How often do we have an attitude of already knowing? We’re afraid that asking questions reveals weakness or perhaps lack of intelligence and that isn’t our desired image! Consequently, we live pretending that we know what we’re doing. Then something we confidently created, falls apart and we grudgingly admit that we need help.

When God created us He never intended to watch us from a distance. From the beginning it was His desire to be in communion, or in other words, conversation with us. And, because He created everything He knew how it all worked so He made Himself available for questions. Do you think that Eve ever thought to ask God if there was truth in the snake’s words? She seems to have a moment of hesitancy but then plows on and we now live Eve’s choice of not asking God for help!

Whatever you are presently living, don’t be afraid to ask for help. There is no weakness in asking, only strength in the received guidance. Your Father would love to help you.

Jesus, You were in continual
conversation with Your Father.
You weren’t afraid to ask for
His help even at the cross.
Forgive me for thinking that I
can do it all myself.
I don’t know what I’m doing!
Please help me.

Thursday, July 10, 2008

Food for Thought

For over a year of unemployment we had absolutely no options. It wasn't because we didn't try. We sought opportunities through a variety of avenues but road blocks consistently barred the way. And then suddenly it all changed; opportunity pounded at our door and we were given options beyond our imagination.

One evening while sharing our "predicament" with friends one of them felt God nudging them to give us a Godly word--"God has given you all the choices. Not one of them is perfect but He will bless the choice you make."

Over the next few months as we prayed over the decision for our future I pondered over the "Godly word." God does want to satisfy us with our heart's desires but being a jealous God He wants our total, unrestrained commitment.

When we were lost in employment we learned, once again, this valuable lesson for the very reason that we had no where else to turn. Our future was very uncertain and while hope sounds good there wasn't much of it at the time.

A prayerful decision made, we moved and began a new life. Now as challenges arise we find ourselves grasping the promised blessing by staying committed to the God who gives us our heart's desire.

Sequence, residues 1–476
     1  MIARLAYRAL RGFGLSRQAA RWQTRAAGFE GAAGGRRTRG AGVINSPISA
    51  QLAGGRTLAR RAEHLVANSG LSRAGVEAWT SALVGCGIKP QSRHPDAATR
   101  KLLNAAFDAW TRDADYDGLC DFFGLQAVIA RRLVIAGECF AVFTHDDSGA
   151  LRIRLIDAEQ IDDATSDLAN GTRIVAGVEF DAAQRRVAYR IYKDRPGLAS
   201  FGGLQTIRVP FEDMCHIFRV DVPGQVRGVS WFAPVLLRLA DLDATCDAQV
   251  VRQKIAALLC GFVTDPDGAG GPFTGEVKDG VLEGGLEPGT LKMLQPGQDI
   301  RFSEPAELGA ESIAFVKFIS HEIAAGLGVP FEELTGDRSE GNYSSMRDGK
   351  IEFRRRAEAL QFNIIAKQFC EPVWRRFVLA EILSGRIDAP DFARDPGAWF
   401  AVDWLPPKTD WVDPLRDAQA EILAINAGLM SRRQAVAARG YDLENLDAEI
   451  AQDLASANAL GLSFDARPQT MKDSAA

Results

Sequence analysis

But I trust in you, O Lord.
I say, "You are my God.
My times are in Your hand.
Psalm 31:14,15

Wednesday, July 9, 2008

Glass Living

…for if someone does
not know how to
manage his own
household, how will

he care for God’s church?

I Timothy 3:5

In the midst of her numerous reasons she didn’t attend “certain” congregations was a comment that, as the parent of a "preacher's kid", paralyzed my heart. One particular congregation had been nixed because the pastor’s children were "unruly." Although she wasn’t a parent herself, she figured that if the pastor’s children were “out of control” leadership of the church would produce the same results. Here was a Paul aficionado!

Have you ever wondered what would be the tone if Paul were writing to churches in the 21st century? Even in a cursory reading you’ll discover that Paul’s teachings are distinct and clear cut. There is no wiggle room. In the early church there needed to be clear definitions of the faith to set it apart from all the other gods that were clamoring for attention. Is our society any different? Are we not living in a world that is clamoring to divert our attention away from Jesus Christ?

Pastors and their families are living in this 21st world as well. And, there is no debate—pastors are held and should be held to Paul’s high standard. Christianity has suffered its share of hits by the numerous pastors who have crashed and burned due to sexual misconduct, financial abuse and familial distractions. Human nature apparently wasn’t any different in 62 AD.

But perhaps we could remember our own role in helping our pastors be all that is required. They are human but, unlike their congregations, they live in glass houses. Everyone sees everything.

So, put down any stones and lift up a prayer for your pastor, today.

Jesus, forgive me when I
expect perfection in my pastor.
My own sins I keep well hidden
but often I’m quick to notice
the sins of others.
Today I pray that my pastor
will be encouraged by Your
presence and confident in Your call

Tuesday, July 8, 2008

Good Working Order

…when each part
is working properly,
makes the body grow
so that it builds

itself up in love.

Ephesians 4:16c

When my car doesn't function properly, I get frustrated! The bane of my driving experience was a car that looked great on the outside but whose inner workings were in constant conflict. Once, while in the fast lane of a Los Angeles freeway the alternator stopped doing its job. Mechanics say that this is a gradual process but not in my car--the alternator went on “strike” without warning and while the battery tried to keep up the result was my “bane” sitting in the way of whizzing cars whose alternators were doing their jobs just fine!

It’s nothing new the importance of working together, but a little reminder is sometimes helpful. From friendships to families to marriages to businesses to churches if an individual goes on strike the entire “system” is affected.

There is an alarming statistic when it comes to church members “striking.” The average time period that a pastor stays with a congregation, across all denominations, is eighteen months! Studies have discovered that five or fewer people in a church deciding to not work properly causes so much disruption that pastors quickly find themselves broken down.